Military truck after military truck rolled into Rapid City Saturday.
But it won't be long before these heavy duty vehicles make their way from the fairgrounds to other areas of the Black Hills. "Once they get processed, they'll get fueled up and then they being to move out to their assigned campsite in the Black Hills," said Major Anthony Deiss, the public affairs officer for the South Dakota National Guard.
The first day of the 29th annual Golden Coyote training is all about the preparation, which includes keeping track of all the soldiers. This isn't as easy as it sounds. "Keeping account of the all the soldiers on the daily, scanning ID cards. It sounds simple but it's been a work in progress for me," said Private Darius Brown, from Pennsylvania.
All these soldiers together under one roof has given Private Brown the chance to meet many of his fellow soldiers. "My favorite part has been working with different soldiers from different places and hearing their stories," said Brown.
Soon, more than 3,500 soldiers will start training in the Black Hills using simulated explosives and practicing hand-to-hand combat. "This is a very realistic, very intense training environment that puts their skills to the test," said Deiss.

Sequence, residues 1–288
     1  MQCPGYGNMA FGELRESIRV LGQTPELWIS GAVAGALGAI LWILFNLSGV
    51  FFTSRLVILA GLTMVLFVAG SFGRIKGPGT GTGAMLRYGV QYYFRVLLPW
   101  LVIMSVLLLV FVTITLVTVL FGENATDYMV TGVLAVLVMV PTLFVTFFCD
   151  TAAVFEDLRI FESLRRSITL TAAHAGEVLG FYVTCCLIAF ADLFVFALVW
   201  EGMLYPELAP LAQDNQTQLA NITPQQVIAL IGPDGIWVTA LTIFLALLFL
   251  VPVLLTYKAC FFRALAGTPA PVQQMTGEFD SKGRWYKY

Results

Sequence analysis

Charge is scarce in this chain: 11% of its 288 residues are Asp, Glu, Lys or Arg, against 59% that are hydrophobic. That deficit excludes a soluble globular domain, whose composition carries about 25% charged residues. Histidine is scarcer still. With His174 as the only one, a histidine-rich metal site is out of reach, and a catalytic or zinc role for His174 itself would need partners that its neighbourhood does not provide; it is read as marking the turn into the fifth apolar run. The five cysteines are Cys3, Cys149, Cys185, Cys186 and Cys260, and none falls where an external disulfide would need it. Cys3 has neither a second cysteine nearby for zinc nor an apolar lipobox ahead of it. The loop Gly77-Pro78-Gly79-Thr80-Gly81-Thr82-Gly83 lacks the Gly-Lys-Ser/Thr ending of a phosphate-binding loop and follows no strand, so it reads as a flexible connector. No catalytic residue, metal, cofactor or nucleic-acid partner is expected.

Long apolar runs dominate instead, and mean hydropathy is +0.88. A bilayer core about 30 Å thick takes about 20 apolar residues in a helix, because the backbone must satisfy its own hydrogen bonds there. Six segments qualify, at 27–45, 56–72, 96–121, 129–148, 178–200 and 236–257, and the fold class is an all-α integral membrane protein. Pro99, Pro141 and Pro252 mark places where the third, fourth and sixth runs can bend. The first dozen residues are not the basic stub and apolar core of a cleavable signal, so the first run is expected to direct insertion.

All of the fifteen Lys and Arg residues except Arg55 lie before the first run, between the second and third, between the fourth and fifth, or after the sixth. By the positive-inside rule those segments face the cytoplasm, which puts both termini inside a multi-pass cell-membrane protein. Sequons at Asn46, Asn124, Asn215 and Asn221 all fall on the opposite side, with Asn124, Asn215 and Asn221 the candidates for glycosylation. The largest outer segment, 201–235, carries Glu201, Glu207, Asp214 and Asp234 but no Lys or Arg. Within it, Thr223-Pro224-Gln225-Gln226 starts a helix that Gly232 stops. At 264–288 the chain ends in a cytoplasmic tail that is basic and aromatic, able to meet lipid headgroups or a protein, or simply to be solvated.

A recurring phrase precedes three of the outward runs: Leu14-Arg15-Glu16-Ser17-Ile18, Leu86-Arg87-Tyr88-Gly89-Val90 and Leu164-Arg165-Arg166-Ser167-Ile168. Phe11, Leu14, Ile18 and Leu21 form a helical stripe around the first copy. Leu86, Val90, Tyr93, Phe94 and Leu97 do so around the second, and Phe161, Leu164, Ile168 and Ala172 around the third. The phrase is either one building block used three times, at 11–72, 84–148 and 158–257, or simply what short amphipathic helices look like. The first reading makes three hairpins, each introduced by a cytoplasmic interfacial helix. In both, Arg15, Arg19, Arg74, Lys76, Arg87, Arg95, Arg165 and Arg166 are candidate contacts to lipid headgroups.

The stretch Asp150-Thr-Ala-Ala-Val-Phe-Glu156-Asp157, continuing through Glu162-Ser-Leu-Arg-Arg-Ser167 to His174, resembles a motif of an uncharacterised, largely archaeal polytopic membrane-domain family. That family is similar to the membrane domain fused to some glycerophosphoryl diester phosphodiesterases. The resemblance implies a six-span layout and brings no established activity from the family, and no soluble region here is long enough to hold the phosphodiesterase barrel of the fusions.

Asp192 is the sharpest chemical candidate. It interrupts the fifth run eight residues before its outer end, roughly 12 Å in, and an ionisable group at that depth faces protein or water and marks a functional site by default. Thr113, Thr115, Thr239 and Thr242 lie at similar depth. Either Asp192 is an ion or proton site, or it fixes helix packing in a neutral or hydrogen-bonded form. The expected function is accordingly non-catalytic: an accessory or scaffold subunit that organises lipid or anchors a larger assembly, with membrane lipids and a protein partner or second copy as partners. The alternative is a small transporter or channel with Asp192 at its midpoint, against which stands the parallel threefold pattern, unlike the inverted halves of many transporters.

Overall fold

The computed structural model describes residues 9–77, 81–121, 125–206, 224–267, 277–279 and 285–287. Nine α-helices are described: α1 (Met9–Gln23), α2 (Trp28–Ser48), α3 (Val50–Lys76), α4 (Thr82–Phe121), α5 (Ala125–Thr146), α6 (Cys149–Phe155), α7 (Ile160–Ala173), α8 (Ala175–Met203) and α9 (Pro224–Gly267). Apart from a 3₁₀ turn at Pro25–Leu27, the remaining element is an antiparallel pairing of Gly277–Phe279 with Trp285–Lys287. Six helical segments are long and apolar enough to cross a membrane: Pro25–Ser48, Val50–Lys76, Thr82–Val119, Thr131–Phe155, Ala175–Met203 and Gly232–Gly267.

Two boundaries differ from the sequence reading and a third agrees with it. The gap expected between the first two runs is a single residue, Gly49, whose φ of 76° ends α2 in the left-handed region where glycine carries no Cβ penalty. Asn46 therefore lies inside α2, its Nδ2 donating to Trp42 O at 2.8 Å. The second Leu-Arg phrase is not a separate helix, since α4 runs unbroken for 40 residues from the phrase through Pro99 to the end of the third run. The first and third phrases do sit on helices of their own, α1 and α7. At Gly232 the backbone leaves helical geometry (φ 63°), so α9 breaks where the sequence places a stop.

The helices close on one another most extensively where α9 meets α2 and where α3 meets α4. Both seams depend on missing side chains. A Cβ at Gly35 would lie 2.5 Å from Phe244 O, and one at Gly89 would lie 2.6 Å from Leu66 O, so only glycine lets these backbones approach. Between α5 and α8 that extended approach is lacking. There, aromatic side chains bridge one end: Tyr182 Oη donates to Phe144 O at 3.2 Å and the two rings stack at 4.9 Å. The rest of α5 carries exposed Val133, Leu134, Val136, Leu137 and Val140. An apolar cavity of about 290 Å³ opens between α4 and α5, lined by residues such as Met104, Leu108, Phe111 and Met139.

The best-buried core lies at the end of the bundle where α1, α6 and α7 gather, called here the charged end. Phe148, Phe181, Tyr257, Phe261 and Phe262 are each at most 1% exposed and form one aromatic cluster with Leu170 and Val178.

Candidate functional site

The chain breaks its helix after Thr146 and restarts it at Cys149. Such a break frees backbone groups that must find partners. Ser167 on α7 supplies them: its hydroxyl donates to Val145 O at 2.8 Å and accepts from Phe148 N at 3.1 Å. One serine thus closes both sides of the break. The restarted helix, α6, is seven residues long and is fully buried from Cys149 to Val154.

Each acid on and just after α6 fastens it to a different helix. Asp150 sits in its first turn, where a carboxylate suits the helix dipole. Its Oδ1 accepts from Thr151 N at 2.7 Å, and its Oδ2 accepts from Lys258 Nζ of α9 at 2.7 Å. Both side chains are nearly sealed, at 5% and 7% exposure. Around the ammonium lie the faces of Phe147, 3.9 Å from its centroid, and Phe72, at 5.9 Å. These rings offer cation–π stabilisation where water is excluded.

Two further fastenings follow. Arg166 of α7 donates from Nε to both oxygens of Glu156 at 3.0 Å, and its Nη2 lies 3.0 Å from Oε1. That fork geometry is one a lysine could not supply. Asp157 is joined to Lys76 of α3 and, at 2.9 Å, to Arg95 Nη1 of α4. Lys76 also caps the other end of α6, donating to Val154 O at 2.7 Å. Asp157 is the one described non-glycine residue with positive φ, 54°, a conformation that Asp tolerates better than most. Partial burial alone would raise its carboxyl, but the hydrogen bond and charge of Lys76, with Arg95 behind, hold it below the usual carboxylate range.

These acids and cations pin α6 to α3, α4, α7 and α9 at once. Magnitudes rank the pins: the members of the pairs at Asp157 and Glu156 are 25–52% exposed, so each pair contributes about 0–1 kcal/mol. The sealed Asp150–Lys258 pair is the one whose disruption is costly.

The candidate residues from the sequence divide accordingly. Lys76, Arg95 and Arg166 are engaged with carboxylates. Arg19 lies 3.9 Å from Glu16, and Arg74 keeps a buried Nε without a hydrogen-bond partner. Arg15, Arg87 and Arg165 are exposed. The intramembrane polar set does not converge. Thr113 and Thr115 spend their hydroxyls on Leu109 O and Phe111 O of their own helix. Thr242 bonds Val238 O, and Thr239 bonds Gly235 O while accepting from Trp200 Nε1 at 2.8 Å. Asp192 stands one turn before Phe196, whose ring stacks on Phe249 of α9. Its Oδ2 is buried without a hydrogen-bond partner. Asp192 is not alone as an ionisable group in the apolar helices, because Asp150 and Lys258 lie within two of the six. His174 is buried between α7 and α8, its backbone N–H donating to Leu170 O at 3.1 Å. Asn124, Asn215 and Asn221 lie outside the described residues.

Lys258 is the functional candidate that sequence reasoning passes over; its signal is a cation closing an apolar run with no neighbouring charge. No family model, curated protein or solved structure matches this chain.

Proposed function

Major Deiss says Western South Dakota is the perfect area to train. "The Black Hills area just provides a unique training environment for military forces. We have everything from grasslands and rugged terrain, mountainous hilly areas that really simulate a lot of different operational environments that we have military forces throughout the world," said Deiss.
Humanitarian projects are also a part of the training, such as bringing timber to the reservations. "Those Native American communities use that timber for firewood, for construction purposes, and even ceremonial purposes," said Deiss.
Between those projects and the intense training, Major Deiss says to expect to see a plethora of soldiers and armored vehicles. "Watch out for them and they'll watch out for you," said Deiss.
Golden Coyote training goes until June 22.